Contact: Shannon Faye; 432-7227, firstname.lastname@example.org
This is a new site for this year. 15thPlace is a day center for homeless persons. It is open from 7:45 am until 4 pm Monday through Friday. On weekends, church groups and other organizations volunteer to serve breakfast. Some possible volunteer activities include assisting guests with applications for benefits including disability and housing, literacy training, financial literacy, checking bags in and out maintaining security in locker room, registering guests for razors and hygiene kits, checking laundry in and out, answering 5-line phone, guest phone; relaying calls taking messages, scanning guest cards for services, transportation, phone, mail, messages, lunch, showers
Contact: Dr. Stephen Kayes (USA Professor) email@example.com
This is a well-established program that accepts requests from local middle schools, high schools and even colleges to have one-on-one contact with medical students (and other health profession students). Medical students show and explain to these students the anatomy, physiology and pathology of normal and abnormal organs. In addition, students discuss the effects of unhealthy lifestyle behaviors such as high fat diets and cigarette smoking. Students have given positive feedback from working with this program. The 2014 Scheduled Outreaches are as follows:
October 31, 2014 from 8 - 10:30 am. Surgical Skills Lab and Anatomical Board Conference Room (formerly Cell Biology Conference Room)
November 4, 2014 from 8 - 10:30 am. Surgical Skills Lab and Anatomical Board Conference Room (formerly Cell Biology Conference Room)
Contact: Rosalyn Spencer; 334-0536 (ext 107)
Big Brothers/Big Sisters of South Alabama YMCA takes pride in strengthening the communities of Mobile and Baldwin Counties. In addition to providing mentoring services to local children, BBBS would like to enhance our mission by educating those we serve on the impact of health and wellness in their lives. Visit their facebook page here.
Contact: Donna Cunningham; Human Resources, 251-432-1235
Students have enjoyed working at this site in the past however, background checks are required. This includes a criminal background check and Department of Human Resources check. The latter takes 4 weeks. Individual appointments are arranged through Human Resources.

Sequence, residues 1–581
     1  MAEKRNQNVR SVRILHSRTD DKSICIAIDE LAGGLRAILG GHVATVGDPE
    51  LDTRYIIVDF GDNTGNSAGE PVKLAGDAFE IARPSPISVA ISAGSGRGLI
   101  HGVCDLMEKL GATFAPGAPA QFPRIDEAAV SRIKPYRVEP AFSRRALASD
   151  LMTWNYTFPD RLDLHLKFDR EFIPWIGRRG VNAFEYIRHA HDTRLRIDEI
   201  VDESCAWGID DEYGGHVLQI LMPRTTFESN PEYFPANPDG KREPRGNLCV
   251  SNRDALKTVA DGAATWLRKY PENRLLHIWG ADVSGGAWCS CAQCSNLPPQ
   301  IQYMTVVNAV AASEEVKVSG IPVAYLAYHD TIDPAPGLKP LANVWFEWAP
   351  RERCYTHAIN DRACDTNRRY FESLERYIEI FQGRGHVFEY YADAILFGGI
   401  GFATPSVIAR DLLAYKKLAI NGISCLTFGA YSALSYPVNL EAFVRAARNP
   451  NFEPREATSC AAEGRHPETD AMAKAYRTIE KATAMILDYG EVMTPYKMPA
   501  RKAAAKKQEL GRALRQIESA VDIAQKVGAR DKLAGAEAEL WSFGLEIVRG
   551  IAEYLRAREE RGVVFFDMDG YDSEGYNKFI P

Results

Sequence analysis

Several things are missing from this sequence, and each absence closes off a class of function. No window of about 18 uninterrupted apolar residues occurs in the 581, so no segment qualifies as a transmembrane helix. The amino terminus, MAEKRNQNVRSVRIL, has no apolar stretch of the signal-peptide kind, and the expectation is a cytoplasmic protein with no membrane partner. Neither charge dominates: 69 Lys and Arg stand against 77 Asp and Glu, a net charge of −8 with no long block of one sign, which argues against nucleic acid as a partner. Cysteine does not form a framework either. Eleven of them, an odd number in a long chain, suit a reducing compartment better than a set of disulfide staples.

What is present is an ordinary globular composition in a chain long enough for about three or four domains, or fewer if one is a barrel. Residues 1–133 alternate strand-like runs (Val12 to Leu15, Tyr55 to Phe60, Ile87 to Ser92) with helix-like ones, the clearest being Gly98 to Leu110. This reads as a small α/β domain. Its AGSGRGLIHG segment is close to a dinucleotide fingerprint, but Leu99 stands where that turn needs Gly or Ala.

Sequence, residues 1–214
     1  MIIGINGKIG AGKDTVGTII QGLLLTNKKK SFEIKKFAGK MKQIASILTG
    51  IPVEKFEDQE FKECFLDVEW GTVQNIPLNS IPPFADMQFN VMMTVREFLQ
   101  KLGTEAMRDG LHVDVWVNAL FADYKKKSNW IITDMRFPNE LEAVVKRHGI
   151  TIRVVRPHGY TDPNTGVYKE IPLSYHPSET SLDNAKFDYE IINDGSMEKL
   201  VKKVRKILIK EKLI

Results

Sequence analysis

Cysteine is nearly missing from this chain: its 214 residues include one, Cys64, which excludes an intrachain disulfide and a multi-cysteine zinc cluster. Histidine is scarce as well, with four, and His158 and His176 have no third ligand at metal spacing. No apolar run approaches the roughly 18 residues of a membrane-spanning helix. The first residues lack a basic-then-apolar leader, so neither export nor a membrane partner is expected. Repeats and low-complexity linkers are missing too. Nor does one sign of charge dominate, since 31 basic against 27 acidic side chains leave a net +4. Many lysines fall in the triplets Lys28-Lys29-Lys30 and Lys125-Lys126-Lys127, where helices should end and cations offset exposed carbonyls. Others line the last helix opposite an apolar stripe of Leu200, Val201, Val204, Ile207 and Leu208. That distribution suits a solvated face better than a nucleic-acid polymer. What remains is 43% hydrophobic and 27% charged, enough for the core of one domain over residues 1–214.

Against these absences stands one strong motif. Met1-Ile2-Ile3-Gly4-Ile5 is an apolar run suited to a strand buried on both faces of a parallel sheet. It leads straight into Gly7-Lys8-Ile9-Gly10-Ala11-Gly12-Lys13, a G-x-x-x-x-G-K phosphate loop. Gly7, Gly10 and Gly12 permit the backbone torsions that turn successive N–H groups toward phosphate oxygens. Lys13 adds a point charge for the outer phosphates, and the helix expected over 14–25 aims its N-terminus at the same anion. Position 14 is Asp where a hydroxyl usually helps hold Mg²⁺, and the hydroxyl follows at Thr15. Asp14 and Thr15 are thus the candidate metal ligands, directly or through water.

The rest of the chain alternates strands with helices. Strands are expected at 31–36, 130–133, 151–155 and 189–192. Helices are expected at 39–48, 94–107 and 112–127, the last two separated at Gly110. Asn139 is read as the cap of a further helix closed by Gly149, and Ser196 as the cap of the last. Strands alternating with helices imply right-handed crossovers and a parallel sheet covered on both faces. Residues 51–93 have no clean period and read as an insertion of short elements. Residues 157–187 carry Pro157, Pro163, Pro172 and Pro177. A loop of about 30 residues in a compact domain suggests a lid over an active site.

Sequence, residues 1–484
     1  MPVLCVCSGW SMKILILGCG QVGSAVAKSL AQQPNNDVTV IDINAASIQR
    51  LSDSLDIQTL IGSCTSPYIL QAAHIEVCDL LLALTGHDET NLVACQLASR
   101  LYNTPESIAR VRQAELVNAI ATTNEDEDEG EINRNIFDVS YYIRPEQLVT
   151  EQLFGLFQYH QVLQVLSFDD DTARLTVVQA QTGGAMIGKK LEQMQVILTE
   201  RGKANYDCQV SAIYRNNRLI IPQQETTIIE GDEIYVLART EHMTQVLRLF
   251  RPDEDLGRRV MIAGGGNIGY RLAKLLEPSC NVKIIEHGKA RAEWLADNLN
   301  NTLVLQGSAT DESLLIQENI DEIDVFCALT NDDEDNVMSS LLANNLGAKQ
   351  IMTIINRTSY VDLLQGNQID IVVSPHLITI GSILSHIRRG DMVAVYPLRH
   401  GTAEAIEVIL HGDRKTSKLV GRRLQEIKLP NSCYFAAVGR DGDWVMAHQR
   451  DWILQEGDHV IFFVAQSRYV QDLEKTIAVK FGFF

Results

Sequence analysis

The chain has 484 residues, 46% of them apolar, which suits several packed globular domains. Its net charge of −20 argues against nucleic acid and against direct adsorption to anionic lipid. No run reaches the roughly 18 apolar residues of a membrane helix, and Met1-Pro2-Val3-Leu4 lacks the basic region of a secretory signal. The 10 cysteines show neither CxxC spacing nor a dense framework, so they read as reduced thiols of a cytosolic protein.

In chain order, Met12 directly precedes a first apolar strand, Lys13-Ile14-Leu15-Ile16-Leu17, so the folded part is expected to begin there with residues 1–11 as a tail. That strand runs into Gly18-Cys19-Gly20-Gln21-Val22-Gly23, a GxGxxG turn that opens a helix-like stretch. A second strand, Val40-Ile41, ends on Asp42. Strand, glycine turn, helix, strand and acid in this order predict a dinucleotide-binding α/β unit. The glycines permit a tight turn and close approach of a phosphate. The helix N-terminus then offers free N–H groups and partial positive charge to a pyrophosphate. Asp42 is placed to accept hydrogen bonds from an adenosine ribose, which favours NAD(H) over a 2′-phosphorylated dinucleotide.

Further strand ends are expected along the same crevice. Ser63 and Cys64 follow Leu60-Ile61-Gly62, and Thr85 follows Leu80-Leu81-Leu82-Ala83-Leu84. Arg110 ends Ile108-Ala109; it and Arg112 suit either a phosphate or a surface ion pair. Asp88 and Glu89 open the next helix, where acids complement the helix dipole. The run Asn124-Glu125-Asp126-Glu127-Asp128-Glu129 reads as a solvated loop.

Contact: Melissa McNichol, Executive Director; 476-9880
Camp Rap-A-Hope upholds the mission of providing an exceptional, normal camping experience and the related support services for children and youth who have been diagnosed with cancer at any point throughout their lifetime. Camp Rap-A-Hope’s setting allows these children to learn how to overcome challenges, both individually and as a team, form new friendships while strengthening their bond with old friends, experience acceptance, test their endurance, and above all experience love, faith, courage, and hope.
Volunteers are used in a multitude of ways: from help in getting in and out of inflatables at our events (prosthetics, weakness, blindness can prove challenging) to fishing help, to helping with arts & crafts and canoeing – every volunteer has an important role in helping children with cancer experience a bit of fun, encouragement, victories in spite of their cancer diagnosis.
- Britney Evans; 471-7708 or firstname.lastname@example.org
- Mary Williams; 471-7709 or email@example.com
- Robin Nicholas, Grant Specialist; 414-8001 or firstname.lastname@example.org
Students can volunteer in a variety of Healthy Community Programs and Projects which interact directly within the community. There are several opportunities to work health fairs during the year through Center of Excellence. The Pipeline Project is aimed at increasing the pool of minority scientists. This program will give volunteers the opportunity to work with high school students in mentoring and academic enrichment activities.
Contact: Sheryl Thomas; 251-604-9309 or email@example.com
This is a popular volunteer opportunity. This organization is part of the Division of Little League Baseball Association that works with physically disabled children between the ages of 5-18. Students will assist students directly during game and practice activities. This is also the contact for participating in Special Olympics.
Contact: Ms. Emma Perryman; 478-8768, www.emmasharvesthome.com
Emma’s Harvest Home is a Residential Co-Occurring Rehabilitation Program for Women. Co-occurring means that the clients have at least one mental health disorder in addition to substance abuse or dependence. As part of their treatment program, they offer clients 4 group sessions daily Monday through Friday. Students might benefit from the opportunity to sit in on group sessions and lead a group on appropriate subject matter. They may also be interested in attending some of the support groups with clients such as AA, NA and Celebrate Recovery. Other opportunities include arts & crafts, gardening, low-impact exercise or fun games or activities that would get the clients motivated.
Contact: Melody Gartman, RN; 471-1998
This is a residential facility for 34 mentally challenged individuals ranging in age from 17 to 64 years old. Their disabilities include Downs Syndrome, Cerebral Palsy, birth defects and others, with a range in severity. Opportunities include interacting with the residents through conversation with them and participating in their many activities.
Contact: Joan Duncan, Volunteer Coordinator; 342-2809